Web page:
This is an interesting and even pertinent question within the context of Wilber's oeuvre, and not something that can be passed by lightly or covered in video clips or footnotes. If there is such a Spirit behind everything—and therefore including evolution—what exactly does it mean for the processes we observe in nature and try to explain in science? Does it clarify anything to add such a transcendental dimension, or is it merely a religious attempt to stand up to science? Is Wilber, c.q. the integral community capable of reasoning about this, instead of getting defensive or even aggressive when these questions are raised?
‘There Is No Other Mechanism’
Peacocke's grasp of evolutionary science is much stronger than Wilber's. Compare for example Wilber's "The standard, glib, neo-Darwinian explanation of natural selection—absolutely nobody believes this anymore" from Peacocke's: "There are different views about the rate and mechanism of evolution and some of these question inter alia the validity of Darwin's own belief that evolution occurred by the gradual, slow accumulation of change." (p. 34) Or compare Wilber's continous insistence that Darwinian evolution is merely based on chance (hence covering its ignorance about its real causes) to Peacocke's "Darwin regarded as 'natural' the selection effected by the environment operating on the spectrum of individual differences present in any biological population of a given species... changes he regarded as random with respect to the needs of the organism in relation to its environment." (p. 34) A solid and elementary understanding of what biologists understand as 'randomness' and not a hint of insinuating that they misunderstand or misapply that term.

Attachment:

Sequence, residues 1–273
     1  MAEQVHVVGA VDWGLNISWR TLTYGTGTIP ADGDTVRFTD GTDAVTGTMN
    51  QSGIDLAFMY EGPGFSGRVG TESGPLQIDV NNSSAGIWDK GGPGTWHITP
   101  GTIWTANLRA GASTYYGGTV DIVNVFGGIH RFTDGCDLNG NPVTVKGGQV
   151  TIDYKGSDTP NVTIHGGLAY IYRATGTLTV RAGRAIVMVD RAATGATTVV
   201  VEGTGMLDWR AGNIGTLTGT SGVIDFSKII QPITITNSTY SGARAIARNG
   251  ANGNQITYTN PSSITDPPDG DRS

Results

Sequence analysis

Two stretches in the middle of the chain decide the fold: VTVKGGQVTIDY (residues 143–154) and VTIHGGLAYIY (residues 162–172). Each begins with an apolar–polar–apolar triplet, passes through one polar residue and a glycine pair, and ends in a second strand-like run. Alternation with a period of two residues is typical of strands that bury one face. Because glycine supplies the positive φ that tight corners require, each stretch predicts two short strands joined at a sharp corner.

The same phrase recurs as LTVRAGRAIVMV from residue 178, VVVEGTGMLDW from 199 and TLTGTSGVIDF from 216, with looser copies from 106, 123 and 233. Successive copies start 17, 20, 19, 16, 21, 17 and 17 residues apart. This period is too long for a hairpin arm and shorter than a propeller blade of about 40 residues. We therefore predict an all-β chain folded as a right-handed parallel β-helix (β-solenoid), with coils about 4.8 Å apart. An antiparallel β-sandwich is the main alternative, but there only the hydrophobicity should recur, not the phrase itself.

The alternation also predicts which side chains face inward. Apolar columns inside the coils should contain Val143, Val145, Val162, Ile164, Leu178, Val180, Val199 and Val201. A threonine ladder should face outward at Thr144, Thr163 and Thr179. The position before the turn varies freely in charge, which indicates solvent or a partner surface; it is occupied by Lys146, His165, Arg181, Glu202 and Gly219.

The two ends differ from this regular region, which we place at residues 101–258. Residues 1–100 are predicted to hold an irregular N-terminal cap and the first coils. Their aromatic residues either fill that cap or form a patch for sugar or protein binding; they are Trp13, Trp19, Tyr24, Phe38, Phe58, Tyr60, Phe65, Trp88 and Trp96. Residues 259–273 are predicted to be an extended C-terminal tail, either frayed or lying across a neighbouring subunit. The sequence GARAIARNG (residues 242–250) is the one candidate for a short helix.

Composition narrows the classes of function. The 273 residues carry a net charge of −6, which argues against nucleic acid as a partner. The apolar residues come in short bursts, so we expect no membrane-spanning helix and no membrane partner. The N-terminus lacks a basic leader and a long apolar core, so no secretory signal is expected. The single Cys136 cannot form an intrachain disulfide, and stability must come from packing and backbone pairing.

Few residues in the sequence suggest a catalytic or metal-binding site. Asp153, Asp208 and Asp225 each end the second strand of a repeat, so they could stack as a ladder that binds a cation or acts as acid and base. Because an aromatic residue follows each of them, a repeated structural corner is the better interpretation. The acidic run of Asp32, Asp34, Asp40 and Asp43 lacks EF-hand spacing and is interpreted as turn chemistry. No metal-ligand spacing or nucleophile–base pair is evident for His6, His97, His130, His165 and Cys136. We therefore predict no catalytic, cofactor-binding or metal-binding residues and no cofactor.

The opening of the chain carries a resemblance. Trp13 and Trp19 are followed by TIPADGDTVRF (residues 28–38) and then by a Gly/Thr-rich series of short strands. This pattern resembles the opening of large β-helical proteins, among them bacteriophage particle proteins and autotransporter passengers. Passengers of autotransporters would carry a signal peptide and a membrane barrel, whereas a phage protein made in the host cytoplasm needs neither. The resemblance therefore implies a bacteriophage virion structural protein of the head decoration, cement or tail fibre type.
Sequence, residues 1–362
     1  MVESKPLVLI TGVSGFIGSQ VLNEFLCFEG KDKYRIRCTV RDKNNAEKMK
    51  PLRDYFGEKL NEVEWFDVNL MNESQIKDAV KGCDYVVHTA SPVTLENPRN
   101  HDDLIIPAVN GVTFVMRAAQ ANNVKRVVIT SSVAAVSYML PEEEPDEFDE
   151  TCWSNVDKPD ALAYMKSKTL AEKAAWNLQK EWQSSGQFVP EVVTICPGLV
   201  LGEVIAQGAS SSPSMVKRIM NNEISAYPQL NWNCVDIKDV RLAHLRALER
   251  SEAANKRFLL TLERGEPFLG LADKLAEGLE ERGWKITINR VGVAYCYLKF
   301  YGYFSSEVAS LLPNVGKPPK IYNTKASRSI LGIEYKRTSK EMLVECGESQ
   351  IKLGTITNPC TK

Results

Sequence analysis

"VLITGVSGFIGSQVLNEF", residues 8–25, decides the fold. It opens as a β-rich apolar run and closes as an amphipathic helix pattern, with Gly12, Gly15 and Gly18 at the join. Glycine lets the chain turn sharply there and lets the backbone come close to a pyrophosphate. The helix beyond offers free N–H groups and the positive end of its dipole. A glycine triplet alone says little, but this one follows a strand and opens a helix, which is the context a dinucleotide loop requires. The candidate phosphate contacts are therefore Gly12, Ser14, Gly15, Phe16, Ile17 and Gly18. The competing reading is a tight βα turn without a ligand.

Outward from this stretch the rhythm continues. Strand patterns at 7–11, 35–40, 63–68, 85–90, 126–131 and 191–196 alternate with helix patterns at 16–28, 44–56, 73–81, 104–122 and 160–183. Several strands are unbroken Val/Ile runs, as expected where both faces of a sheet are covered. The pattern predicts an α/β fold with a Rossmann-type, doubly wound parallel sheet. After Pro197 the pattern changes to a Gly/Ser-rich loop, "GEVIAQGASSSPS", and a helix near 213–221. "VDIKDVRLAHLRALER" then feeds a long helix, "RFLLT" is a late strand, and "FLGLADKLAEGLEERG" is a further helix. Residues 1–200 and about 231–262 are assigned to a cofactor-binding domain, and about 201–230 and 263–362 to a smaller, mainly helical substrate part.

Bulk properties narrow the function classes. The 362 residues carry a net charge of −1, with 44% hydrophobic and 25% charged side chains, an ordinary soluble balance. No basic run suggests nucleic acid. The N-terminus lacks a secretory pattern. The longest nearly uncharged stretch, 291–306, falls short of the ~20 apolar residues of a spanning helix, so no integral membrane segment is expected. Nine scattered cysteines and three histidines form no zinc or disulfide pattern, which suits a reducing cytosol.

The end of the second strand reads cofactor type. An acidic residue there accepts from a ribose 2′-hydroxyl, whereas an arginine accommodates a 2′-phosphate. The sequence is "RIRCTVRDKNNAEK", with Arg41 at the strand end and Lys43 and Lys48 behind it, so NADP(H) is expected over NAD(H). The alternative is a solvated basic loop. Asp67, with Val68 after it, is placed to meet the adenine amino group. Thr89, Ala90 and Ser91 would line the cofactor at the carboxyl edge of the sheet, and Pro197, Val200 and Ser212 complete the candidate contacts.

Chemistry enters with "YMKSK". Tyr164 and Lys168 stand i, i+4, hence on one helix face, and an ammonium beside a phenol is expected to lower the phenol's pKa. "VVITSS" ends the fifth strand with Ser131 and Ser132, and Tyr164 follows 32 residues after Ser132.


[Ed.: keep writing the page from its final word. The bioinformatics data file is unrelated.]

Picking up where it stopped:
This doesn't mean evolutionary science knows everything about evolution now, far from it, but the foundation is there. Listen to Peacocke about where we stand now:
Again and again, the evolutionary hypothesis (if that is what we still prefer to call it) has survived the test of consistency with observations of a kind unthinkable even four decades ago when the 'modern synthesis' first emerged. This does not preclude controversy about the tempo of, mode of and constraints upon evolution, but it renders entirely reasonable our basing our philosophy and theology on what we can presume to be the 'fact' of evolution, including human evolution. (p. 38-9)